When observing some of the more polluted months caught on record in Nepal, certainones such as January 2019 in Kathmandu stand out. This month came in with aPM2.5 reading of 102.7 μg/m³, putting it into the higher end of the ‘unhealthy’ratings bracket, which requires a reading of anywhere from 55.5 to 150.4 μg/m³to be classed as such. This is an extremely high rating of pollution, and whenhealth effects are concerned on the general population, the higher the levelsof pollution that are present, the more likely that these health effects will occur.
When examining PM2.5, it is described as particulate matter that is 2.5 micrometersor less in diameter. Due to its incredibly small size, it has a whole host ofhighly negative effects when inhaled (which is why it is used as such animportant component in calculating the overall levels of pollution levels, orair quality index).
When inhaled, these small particulate matters such as black carbon or finely ground gravel orsilica dust, can cause scarring to the lung tissues that lead to an overallreduction in full lung function. Material with carcinogenic properties canpenetrate deep into the lungs and accumulate, leading to heightened instancesof cancer. These tiny particles can also cross over into the bloodstream viathe air sacs in the lungs, wreaking havoc on an individual’s health by causingdamage to blood vessels as well as organs such as the liver and kidneys (alongwith affecting reproductive health).
Further conditions can include ones such as ischemic heart disease, arising from wheninadequate amounts of oxygen reach the heart tissues, leading to adeterioration in function. Further heart complications can include arrythmias, increasedinstances of heart attacks and problems related to blood pressure regulation.
These are to name but a few of the health issues of being exposed to high levels of smokeand haze-based pollution. The plastic and other synthetic materials being burntin the open fires can cause irritation to the nose, eyes, mouth and airways, aswell as causing irreversible changes to the nervous system that can lead tochronic fatigue, cognitive impairments and headaches, all of which have asalient effect on a young and growing population.
Babies that are exposed whilst in the womb have an increased chance of miscarriage, orbeing born prematurely or with a low birth weight, thus heightened pollutionlevels lead directly to higher rates of infant mortality, as well as largeamounts of the population having their lives cut short due to health problems stemmingfrom air pollution.
The levels of pollution in Nepal correlate heavily with changes in weather, with the colderand drier months seeing the absolute worst levels of pollution across all theregistered cities, whilst the monsoon season brings with it some respite interms of pollutants found in the air, due to the rains highly prominent effectof washing chemicals and dust out of the air, as well as washing awayaccumulations that have gathered on the ground across the city.
Observing the data taking over 2019 across all cities, it is apparent that pollution levelsstart to rise just as the monsoon season comes to an end, which happens to fallon October. A marked increase in PM2.5 readings are seen across the fourcities, whilst in contrast September’s readings often come in remarkablycleaner. To look at some of these statistics, Kathmandu came in with a readingof 11.8 μg/m³ in August, its cleanest reading out of the entire year. This wasfollowed in September by a reading of 13.1 μg/m³, a slight increase that wasenough to put it up by a ranking, but at the absolute lowest end of the‘unhealthy for sensitive groups’ bracket.
Patan, the second most polluted city in Nepal, came in with a PM2.5 reading of 7.1 μg/m³in September 2019, making it fall nicely within the World Health Organizations(WHO’s) target goal for great air quality of 0 to 10 μg/m³, demonstrating thatPatan had an extremely good quality of air over September. Other cities withsimilar readings were Kirtipur with a reading of 6 μg/m³ in August and 6.4 μg/m³in September.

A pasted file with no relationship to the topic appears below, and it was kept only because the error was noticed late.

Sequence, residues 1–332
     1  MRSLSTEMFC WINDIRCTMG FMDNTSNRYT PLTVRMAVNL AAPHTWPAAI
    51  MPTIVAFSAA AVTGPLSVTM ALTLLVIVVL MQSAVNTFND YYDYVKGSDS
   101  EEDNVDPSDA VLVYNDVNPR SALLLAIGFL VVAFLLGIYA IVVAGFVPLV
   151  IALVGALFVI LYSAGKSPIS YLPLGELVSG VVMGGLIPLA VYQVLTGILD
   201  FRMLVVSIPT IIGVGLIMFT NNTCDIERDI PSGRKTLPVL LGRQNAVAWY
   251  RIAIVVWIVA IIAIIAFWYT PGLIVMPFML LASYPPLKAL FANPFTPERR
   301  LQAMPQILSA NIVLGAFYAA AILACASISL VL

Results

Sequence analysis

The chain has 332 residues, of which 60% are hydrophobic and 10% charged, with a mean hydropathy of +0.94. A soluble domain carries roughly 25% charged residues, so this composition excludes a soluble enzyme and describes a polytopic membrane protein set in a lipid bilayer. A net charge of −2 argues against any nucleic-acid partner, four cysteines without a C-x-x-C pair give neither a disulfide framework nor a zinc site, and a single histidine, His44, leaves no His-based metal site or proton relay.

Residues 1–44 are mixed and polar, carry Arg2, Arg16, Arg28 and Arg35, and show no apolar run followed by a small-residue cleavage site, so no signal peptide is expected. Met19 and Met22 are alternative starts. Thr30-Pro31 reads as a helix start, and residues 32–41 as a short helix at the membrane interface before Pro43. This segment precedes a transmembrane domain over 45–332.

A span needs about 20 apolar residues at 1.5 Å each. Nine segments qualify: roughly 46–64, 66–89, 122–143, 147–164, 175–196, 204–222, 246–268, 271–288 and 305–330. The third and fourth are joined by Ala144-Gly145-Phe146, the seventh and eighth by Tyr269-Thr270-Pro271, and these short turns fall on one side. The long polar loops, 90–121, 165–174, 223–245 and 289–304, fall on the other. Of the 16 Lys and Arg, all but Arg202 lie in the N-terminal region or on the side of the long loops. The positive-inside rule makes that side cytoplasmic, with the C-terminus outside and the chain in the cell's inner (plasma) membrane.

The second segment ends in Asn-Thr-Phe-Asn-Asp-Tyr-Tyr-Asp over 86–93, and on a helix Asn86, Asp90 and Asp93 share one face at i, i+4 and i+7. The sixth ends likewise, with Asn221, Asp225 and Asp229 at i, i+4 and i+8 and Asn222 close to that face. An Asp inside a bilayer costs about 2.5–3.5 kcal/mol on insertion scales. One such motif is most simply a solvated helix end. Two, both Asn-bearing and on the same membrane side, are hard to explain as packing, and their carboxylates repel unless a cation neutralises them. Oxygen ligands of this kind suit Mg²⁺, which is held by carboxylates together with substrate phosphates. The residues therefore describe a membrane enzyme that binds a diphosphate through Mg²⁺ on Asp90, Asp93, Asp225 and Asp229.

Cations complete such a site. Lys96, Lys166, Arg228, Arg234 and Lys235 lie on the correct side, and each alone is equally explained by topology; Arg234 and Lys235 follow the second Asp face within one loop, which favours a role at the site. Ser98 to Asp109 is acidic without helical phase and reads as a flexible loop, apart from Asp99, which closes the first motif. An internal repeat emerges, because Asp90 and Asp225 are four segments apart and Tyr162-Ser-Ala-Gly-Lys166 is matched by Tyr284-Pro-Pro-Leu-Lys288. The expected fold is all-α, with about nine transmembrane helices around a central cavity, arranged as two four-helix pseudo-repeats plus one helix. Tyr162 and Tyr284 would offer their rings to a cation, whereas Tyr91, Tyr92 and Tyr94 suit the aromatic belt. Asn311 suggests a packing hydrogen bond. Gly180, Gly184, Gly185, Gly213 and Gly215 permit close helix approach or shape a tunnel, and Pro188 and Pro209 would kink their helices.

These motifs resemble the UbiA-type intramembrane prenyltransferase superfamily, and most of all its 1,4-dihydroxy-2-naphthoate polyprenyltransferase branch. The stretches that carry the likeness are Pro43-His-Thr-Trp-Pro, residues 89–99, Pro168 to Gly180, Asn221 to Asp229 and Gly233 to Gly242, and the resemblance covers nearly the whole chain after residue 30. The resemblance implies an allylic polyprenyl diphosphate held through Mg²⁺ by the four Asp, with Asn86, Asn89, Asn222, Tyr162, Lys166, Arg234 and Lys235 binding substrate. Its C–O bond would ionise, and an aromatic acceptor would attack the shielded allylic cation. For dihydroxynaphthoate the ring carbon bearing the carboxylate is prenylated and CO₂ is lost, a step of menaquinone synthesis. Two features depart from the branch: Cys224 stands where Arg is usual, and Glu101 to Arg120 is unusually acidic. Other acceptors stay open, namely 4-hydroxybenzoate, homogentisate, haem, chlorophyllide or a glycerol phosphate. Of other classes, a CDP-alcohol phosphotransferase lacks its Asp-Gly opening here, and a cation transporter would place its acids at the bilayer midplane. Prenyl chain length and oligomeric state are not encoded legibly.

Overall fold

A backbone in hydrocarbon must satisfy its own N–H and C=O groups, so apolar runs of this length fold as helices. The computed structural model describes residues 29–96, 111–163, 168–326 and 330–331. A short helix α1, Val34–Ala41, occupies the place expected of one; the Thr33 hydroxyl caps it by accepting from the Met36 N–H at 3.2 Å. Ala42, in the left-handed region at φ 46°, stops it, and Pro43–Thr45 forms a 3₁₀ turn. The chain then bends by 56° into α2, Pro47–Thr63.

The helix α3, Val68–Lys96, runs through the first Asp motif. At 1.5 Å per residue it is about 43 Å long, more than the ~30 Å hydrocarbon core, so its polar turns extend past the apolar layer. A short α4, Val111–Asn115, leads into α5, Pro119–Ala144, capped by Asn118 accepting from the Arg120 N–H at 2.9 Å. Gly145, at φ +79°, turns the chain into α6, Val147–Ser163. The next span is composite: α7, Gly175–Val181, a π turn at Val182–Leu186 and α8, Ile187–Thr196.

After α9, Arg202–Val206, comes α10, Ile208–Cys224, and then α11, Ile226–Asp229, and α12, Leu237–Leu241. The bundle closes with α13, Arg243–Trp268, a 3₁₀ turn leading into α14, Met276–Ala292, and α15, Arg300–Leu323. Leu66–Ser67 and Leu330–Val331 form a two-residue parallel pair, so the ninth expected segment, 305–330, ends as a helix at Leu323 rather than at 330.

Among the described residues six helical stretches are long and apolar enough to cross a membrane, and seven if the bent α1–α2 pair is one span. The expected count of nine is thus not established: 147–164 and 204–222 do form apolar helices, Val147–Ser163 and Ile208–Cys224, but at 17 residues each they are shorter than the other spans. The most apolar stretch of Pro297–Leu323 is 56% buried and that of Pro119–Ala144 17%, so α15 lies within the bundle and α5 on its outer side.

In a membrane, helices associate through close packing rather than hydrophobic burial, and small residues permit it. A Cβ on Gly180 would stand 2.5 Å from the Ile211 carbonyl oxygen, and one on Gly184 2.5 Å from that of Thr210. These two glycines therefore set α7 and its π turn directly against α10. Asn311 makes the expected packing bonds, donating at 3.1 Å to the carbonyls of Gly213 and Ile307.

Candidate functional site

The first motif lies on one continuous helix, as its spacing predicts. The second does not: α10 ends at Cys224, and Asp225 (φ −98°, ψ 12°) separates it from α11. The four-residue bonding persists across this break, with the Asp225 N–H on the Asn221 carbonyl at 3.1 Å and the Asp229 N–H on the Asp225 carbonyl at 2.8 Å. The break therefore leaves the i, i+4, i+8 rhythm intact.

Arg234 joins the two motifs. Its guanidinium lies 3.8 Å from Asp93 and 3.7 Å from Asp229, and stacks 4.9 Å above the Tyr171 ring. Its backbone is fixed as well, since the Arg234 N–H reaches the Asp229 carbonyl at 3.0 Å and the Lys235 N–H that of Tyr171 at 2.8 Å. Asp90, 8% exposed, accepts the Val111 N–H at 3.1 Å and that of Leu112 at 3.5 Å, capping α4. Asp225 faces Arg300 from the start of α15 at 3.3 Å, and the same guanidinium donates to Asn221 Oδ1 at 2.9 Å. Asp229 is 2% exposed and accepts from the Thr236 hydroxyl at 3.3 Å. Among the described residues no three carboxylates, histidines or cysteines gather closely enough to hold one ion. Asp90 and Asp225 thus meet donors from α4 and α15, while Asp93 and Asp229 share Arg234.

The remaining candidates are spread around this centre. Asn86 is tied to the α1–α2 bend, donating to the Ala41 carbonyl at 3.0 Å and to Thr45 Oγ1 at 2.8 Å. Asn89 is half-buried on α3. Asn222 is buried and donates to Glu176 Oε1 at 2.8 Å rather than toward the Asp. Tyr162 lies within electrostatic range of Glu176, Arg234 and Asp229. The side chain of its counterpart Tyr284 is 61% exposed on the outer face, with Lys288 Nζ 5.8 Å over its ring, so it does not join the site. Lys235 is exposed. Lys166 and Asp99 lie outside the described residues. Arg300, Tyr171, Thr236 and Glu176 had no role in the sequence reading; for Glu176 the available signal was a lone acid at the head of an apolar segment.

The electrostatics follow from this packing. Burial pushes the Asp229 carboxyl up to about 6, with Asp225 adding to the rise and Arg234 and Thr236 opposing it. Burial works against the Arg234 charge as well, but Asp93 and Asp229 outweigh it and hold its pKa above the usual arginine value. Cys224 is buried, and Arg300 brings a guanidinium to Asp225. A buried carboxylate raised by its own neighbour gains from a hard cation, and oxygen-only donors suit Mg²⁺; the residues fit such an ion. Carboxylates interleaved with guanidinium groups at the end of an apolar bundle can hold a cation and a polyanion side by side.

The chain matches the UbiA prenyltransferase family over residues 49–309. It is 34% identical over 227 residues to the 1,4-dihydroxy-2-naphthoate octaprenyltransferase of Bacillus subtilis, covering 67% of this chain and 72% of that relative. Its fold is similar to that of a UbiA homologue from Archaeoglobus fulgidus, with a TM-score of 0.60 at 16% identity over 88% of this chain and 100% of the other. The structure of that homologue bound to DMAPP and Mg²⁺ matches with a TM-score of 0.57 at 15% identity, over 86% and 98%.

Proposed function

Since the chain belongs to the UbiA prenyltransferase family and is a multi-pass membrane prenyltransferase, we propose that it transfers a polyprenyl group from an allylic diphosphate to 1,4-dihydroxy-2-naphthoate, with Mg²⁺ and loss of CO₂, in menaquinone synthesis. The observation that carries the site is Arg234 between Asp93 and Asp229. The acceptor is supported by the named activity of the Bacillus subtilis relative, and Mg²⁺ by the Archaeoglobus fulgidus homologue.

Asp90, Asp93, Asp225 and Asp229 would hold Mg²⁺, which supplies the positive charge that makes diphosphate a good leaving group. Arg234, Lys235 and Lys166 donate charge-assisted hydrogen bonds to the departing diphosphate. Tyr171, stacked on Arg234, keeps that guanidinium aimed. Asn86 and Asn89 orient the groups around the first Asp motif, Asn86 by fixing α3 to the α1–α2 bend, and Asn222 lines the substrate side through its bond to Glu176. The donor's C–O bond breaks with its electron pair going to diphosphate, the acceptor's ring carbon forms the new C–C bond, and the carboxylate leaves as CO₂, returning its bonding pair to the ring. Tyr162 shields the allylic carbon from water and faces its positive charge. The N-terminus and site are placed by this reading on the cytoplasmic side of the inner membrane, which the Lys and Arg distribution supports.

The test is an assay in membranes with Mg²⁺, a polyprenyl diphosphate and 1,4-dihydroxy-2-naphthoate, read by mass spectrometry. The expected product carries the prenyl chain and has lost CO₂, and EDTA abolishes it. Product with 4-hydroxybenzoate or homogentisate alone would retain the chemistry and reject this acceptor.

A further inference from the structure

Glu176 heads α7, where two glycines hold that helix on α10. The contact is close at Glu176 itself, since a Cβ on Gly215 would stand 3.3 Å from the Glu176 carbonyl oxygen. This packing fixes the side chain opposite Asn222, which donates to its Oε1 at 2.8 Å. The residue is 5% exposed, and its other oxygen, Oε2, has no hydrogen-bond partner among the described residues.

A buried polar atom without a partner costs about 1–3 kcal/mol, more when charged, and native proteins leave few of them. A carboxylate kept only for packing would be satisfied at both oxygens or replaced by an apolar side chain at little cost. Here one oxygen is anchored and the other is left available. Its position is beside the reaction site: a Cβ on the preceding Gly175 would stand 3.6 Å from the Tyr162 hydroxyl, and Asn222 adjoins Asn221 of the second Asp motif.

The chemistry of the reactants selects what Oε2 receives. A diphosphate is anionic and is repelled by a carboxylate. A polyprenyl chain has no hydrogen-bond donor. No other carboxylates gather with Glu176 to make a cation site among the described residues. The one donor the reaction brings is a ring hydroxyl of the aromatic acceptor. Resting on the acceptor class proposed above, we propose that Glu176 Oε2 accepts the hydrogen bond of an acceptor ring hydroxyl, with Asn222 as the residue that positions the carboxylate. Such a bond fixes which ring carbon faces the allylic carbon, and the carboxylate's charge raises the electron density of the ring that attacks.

Now in contrast to the next month, Kathmandu's October reading came in at 30.6 μg/m³,a number nearly three times that of the previous month. The same occurred inPatan, with its 7.1 μg/m³ jumping up to 22.3 μg/m³ in October, and once again asimilar story in kirtipur, with its reading of 6.4 jumping to 12.4 μg/m³,almost double of the previous month. This is statistical proof that Nepalbegins its AQI decline towards the end of the year, with peaks in pollutionlevels occurring in December through to January. To summarize, the months that are the cleanestin regards to air quality in Nepal are July through to September, and thedirtiest months are November, December and January, times when preventativemeasures such as wearing of particle filtering masks and avoiding outdooractivities if possible, become of increased importance.
Of note is that Kathmandu, due to being the capital city, saw elevated readings of PM2.5 wellinto May, before dropping rapidly in June. For those wishing to travel to Nepal,as well as its inhabitants already living there, these are all importantfactors to take into consideration, although due to the monsoon season, largeincreases in waterborne illnesses also become prominent, something of note forpeople that have Nepal as a destination.
Looking at the air quality data over the last few years, it appears that Nepal made amarked improvement from 2018 to 2019, with a PM2.5 reading of 54.15 μg/m³ beingrecorded as an average over 2018 as compared to 44.46 μg/m³ in 2019. Whilstthis shows an improvement over the course of one year, when observing datataken from the capital city, Kathmandu, it also shows a similar trend of worseair quality in 2018 being improved upon in more recent times. However, when thedata from 2017 in Kathmandu is observed, a reading of 45.9 μg/m³ was recorded,which is a better number than the one that was taken in 2019.
This gives a level of uncertainty as to whether pollution levels in Nepal are improving, orjust fluctuating between similar levels of pollution. It will take manyimproved initiatives in the coming years, such as the cracking down on openburning fires, as well as the gradual removal and phasing out of diesel fuelsand the ancient vehicles populating the roads. Facing massive economic growth,Nepal will be in a position where its pollution levels may have a long way togo before improving, so as it stands for now, the differences between numbersof PM2.5 are hard to differentiate between being actual improvements or justthe aforementioned fluctuations in numbers. With the implantation of thecleanup initiatives, Nepal may yet see improved levels of US AQI as well aslower PM2.5 readings in a hopeful future.